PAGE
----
Civil War in Georgia: Overview
Georgia's agricultural output was critical to the Confederate war effort, and because Georgia was a transportation and industrial center for the Confederacy, both sides struggled for control of the state. Some of the most important battles of the war were fought on Georgia soil, including Chickamauga, Resaca, and Kennesaw Mountain, while the battles of Peachtree Creek, Bald Hill (Atlanta), Ezra Church, and Jonesboro were significant turning points during the Atlanta campaign of 1864. Perhaps most important, one can argue that the Civil War's outcome was decided in Georgia with the Atlanta campaign and U.S. president Abraham Lincoln's subsequent reelection.
Georgians' Road to War
When Lincoln's election to the presidency triggered the secession crisis in the winter of 1860-61, most Georgians initially hoped for yet another sectional compromise. The Georgia legislature, however, following a directive from Governor Joseph E. Brown, appropriated $1 million for military expenses and called for the election of delegates to a state convention to discuss secession. The majority of Georgia's political leaders at this point, including Francis S. Bartow, Henry L. Benning, Governor Brown, Howell Cobb, Thomas R. R. Cobb, Wilson Lumpkin, Eugenius A. Nisbet, and Robert Toombs, advocated secession. Their efforts focused on exciting white southerners' fears of slave insurrection and abolition, which could potentially lead to black equality and intermarriage.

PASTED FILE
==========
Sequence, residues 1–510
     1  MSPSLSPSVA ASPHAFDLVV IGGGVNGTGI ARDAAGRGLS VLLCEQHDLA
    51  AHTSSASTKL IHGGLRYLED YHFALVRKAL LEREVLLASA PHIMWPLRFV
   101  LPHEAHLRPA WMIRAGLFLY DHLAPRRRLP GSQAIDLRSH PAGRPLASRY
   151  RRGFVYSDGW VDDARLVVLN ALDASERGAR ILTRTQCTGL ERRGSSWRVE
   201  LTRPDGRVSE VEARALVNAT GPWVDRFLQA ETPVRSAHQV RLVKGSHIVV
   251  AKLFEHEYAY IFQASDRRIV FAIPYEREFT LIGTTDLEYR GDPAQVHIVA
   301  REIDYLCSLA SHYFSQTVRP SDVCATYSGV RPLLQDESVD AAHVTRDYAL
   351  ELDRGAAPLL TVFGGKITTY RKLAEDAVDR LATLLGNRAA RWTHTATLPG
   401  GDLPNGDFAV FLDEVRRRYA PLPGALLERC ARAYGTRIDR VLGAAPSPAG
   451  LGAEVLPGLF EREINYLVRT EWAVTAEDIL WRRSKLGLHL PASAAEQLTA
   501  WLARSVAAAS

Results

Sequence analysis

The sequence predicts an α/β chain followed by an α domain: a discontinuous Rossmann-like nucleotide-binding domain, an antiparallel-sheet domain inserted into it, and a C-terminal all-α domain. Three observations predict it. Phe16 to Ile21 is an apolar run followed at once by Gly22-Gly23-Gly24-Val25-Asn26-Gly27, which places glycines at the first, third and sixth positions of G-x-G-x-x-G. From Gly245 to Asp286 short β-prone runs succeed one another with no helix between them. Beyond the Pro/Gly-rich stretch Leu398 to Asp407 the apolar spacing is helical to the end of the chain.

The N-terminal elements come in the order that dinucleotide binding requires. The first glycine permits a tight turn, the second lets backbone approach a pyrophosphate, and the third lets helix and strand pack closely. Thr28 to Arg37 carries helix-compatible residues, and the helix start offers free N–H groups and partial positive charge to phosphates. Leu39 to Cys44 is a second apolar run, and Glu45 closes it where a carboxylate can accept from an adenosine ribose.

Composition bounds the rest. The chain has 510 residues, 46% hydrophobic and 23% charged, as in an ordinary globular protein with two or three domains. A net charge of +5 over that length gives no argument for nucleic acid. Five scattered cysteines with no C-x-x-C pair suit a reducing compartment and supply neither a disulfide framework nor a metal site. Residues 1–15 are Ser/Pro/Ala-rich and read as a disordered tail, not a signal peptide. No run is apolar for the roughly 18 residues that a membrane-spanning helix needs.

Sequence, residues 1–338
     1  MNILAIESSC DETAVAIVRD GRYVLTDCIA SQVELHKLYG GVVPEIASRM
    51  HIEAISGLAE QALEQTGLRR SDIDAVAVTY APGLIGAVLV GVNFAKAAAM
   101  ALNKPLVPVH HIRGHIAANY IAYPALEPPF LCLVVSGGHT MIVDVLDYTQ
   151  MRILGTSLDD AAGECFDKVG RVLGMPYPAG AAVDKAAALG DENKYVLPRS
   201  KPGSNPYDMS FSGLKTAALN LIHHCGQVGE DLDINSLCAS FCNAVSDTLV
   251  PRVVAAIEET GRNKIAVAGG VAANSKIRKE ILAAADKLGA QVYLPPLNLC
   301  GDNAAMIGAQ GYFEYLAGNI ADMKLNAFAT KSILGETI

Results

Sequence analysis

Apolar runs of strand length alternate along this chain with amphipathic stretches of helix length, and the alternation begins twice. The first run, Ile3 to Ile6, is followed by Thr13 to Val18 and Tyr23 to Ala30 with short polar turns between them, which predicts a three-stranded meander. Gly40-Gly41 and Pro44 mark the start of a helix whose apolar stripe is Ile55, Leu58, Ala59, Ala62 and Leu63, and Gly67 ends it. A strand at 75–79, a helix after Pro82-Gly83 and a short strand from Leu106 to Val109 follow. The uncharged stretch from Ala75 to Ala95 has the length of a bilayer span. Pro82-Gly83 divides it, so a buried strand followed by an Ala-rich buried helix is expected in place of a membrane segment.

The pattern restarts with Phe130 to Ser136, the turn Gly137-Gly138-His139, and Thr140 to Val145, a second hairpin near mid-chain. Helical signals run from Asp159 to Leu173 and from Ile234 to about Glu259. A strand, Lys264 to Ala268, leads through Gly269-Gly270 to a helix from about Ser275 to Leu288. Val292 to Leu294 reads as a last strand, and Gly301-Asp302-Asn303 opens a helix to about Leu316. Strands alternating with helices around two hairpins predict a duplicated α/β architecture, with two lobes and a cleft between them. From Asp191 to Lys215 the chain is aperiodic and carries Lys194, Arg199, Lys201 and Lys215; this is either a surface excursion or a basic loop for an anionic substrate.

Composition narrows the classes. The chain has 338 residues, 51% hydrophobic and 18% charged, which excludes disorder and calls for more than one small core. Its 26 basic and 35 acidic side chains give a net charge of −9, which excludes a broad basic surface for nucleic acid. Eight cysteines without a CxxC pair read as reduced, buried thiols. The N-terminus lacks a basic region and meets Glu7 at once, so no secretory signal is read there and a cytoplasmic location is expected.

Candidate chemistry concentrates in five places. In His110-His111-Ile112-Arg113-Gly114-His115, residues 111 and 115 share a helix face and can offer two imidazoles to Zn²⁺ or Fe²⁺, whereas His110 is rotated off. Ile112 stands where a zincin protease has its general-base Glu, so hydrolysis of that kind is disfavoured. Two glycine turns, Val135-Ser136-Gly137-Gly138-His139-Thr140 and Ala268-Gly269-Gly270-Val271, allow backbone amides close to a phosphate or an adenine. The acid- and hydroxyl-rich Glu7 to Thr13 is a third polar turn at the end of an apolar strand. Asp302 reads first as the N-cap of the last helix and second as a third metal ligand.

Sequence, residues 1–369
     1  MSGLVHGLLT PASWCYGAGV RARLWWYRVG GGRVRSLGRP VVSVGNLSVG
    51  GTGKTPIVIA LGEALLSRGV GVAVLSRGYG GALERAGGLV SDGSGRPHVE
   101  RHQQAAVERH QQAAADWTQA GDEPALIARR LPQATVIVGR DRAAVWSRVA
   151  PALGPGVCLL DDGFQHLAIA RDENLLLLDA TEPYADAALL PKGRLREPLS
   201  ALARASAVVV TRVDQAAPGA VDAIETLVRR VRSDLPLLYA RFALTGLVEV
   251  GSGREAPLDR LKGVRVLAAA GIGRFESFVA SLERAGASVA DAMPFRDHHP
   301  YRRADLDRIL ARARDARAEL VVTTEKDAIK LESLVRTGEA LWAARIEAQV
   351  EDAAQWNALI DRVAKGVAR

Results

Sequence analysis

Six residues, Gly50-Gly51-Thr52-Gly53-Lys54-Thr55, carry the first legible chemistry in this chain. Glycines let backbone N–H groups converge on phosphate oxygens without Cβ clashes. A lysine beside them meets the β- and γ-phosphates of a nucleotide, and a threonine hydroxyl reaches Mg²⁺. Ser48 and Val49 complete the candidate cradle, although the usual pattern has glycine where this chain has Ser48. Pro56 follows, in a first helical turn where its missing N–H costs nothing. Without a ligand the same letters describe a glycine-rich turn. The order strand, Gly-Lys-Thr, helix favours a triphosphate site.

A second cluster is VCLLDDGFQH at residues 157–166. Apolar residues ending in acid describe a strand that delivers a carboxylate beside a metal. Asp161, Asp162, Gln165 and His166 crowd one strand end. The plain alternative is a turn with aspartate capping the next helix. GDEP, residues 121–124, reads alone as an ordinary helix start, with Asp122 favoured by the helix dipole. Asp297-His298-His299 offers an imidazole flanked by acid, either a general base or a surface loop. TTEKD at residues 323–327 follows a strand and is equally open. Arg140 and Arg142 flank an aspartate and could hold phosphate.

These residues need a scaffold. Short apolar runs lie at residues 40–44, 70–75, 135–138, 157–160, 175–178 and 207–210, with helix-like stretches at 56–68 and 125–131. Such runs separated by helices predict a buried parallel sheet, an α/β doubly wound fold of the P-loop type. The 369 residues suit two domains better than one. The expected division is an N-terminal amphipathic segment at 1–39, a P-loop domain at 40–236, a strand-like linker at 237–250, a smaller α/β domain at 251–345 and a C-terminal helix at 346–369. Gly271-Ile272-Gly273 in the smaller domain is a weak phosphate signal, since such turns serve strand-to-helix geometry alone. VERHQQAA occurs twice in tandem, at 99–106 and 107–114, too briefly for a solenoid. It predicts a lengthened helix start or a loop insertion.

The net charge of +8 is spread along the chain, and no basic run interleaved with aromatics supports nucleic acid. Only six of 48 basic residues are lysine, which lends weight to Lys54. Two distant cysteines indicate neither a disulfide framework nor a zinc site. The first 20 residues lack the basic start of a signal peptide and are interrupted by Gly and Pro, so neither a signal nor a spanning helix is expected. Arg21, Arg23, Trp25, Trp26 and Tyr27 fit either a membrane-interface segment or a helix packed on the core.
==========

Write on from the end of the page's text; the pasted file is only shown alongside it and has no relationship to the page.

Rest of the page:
The War Begins
By the war's second year, the Union also targeted Georgia's railroads. In April 1862 Union spy James J. Andrews led twenty saboteurs in a daring raid. In Big Shanty (present-day Kennesaw, in Cobb County) they seized the General locomotive and steamed northward. Western and Atlantic Railroad officials pursued them and, after a nearly ninety-mile chase, caught the Andrews gang near Ringgold before they could significantly damage the rail line. Confederate soldiers captured most of the saboteurs, and Andrews and seven of his raiders were hanged as spies in Atlanta. A year later, a Union cavalry force under Colonel Abel D. Streight attempted to cut the Western and Atlantic rail line near Rome, but Confederate general Nathan Bedford Forrest captured the Union force before it could do any real damage.
Georgians Battling Richmond